Southern Proper’s chef and proprietor Jason Cheek wants his restaurant to be a haven, a place where people can come after work and feel comfortable — a place where people can take a deep breath and relax.
“The best way I knew how to do that was to use a lot of raw woods and to incorporate a lot of plant life,” said Cheek, an alum of Toro and the defunct KO Prime. “Relaxation is about getting away from the metal and glass. Smell the pine, smell the flowers, smell the smoke in the air.”
The irony, of course, is that Southern Proper is housed in the Girard building (50 Malden St.), one of those new South End structures that’s not short on metal or glass. But cross the threshold from the concrete exterior and into Southern Proper, and that modern facade melts immediately away. Creating such a smooth transition wasn’t exactly easy, though.
“One of our biggest challenges was trying to dissolve the interior from the exterior,” said Cheek, who hired local firm RODE Architects to design the space. “The exterior is very modern and very Natick Mall. A lot of 90 degree angles, glass, and metal. It would have been easy to come in and make it look like a commercial restaurant. I didn’t want that. I wanted it to look like a tobacco barn. A tobacco barn my grandmother invaded.”
Southern Proper’s bar is built exclusively from the recycled wood of antique tabletops, and the tin that wraps around it was procured from an antiques dealer in Brimfield, Massachusetts, who sourced it from a turn-of-the-century movie theater in upstate New York. The lamps are all antique, and there is plenty of pine — much of which was sourced from North Carolina, Cheek’s home state.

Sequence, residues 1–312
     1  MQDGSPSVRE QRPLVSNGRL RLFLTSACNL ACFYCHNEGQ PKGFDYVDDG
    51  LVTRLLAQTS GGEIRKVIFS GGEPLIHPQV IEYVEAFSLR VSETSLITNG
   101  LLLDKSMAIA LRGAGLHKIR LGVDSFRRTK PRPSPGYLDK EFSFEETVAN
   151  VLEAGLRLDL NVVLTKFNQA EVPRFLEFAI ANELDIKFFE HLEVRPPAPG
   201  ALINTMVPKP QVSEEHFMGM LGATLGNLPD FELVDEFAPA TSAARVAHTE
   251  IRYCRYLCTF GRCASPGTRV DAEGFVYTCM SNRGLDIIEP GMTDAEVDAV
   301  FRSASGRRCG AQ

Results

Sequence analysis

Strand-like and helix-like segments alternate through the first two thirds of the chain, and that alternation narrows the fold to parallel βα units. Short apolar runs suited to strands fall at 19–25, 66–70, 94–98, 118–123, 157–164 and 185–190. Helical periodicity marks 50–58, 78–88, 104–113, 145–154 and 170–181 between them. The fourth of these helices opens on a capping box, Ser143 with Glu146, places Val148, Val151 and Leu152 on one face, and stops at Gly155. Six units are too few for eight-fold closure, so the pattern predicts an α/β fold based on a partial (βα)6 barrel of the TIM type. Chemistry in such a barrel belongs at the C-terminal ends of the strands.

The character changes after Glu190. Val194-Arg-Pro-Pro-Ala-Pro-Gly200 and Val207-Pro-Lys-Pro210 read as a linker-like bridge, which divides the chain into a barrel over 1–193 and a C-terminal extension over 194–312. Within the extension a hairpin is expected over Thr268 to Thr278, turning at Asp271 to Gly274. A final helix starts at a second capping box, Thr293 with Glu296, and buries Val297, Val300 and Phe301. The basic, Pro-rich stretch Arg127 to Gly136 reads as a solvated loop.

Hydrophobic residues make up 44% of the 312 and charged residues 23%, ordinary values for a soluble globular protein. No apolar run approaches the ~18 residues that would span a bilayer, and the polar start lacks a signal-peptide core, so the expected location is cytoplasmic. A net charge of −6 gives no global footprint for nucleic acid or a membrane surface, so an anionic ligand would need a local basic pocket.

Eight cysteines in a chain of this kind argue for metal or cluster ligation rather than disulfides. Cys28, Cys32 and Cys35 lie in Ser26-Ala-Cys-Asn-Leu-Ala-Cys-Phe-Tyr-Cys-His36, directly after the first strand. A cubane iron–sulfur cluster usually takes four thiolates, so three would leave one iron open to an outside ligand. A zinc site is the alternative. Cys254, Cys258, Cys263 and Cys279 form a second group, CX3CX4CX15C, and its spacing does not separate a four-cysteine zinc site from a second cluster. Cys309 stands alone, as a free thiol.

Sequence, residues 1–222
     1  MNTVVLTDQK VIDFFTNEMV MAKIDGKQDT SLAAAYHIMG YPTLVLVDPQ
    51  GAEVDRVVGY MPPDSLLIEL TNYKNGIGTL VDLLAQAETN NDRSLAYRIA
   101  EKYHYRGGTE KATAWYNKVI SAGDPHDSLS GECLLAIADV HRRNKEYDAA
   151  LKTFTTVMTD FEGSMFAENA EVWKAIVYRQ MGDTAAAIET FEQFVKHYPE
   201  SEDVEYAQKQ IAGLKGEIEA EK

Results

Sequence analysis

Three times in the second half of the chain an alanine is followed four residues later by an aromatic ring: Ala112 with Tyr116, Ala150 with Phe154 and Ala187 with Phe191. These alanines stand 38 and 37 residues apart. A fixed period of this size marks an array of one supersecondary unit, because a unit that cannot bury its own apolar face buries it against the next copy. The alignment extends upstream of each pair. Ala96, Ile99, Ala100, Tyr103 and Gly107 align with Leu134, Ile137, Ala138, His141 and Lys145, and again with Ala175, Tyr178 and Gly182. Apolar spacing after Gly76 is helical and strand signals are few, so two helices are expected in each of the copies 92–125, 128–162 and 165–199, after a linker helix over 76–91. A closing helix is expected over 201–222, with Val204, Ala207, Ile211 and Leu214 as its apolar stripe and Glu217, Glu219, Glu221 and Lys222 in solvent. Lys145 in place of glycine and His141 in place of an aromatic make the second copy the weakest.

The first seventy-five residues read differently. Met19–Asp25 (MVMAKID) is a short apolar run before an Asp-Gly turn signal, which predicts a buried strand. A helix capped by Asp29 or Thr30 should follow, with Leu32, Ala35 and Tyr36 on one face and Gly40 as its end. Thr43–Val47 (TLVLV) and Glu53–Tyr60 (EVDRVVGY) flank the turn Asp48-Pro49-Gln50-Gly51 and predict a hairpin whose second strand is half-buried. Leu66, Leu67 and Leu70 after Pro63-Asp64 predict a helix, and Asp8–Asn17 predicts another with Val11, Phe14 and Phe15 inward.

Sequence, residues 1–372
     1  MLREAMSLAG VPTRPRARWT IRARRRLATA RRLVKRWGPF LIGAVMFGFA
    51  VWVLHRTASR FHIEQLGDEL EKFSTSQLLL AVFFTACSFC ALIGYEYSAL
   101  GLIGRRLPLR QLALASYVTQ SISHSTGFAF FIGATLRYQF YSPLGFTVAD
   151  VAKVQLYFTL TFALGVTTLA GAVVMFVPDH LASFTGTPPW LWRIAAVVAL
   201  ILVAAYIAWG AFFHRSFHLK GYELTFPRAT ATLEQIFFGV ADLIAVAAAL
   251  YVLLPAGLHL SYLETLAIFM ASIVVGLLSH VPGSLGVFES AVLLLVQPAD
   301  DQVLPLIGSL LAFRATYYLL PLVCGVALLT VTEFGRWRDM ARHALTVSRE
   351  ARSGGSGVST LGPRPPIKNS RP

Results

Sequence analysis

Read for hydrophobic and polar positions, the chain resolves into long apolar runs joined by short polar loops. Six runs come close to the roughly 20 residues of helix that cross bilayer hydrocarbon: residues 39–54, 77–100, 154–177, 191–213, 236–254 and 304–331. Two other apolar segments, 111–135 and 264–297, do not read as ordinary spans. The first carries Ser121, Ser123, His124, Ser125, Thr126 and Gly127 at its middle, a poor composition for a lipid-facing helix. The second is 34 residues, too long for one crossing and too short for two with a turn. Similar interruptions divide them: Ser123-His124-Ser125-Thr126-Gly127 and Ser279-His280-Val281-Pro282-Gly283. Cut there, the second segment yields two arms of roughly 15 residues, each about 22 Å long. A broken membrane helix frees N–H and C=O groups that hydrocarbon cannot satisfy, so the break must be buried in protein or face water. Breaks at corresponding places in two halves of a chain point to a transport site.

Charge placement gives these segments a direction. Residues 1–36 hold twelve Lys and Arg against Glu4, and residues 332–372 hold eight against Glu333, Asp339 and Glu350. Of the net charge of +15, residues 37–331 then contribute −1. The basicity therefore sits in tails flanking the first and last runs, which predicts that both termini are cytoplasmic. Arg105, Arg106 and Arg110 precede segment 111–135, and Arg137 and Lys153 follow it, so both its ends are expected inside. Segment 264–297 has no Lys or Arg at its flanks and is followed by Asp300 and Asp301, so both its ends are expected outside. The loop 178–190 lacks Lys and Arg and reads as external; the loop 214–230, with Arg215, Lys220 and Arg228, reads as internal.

“I want this place to look like it’s been here for a while,” said Cheek. “I hate when a place looks brand new.”
And as for the food?
“It’ll be heavily oriented toward chicken and beer,” said Cheek.
That won’t be all, though. Cheek also noted that Southern Proper will be doing things like smoked sausages, pig legs, pig head, lamb, and, of course, pulled pork.
“I love it,” said Cheek. He wouldn’t be a good North Carolinian if he didn’t, after all.
Cheek plans to source as locally and as seasonally as he possibly can.
“We’ve got SoWa market right down the street — are you kidding me?”
As far as the bar goes, Cheek said that he’s going to try to keep the draft list as local as possible, but he also plans to bring in some beers from the South if they suit the menu.
“I want people to get a good variety and flavor profile with beers,” he said. “We’ll do mostly local because it’s the right thing to do, but I want to have some beers from Nashville and North Carolina and the rest of the South, too. They all have different flavor profiles, and I know some beers are going to do well with a plate of fried chicken.”
For example: a shot of whiskey and a Miller High Life.
The cocktail program will feature classic southern cocktails. But don’t expect to be able to always get a mint julep.
“Listen, it’s a classic Kentucky Derby drink — everyone knows that,” said Cheek. “We’ll serve it at brunch from time to time, but it’s not always going to be on. Same goes for a Pimm’s cup. It will make an appearance.”
Southern Proper is slated to open for friends and family on February 26, welcoming the public on March 1.
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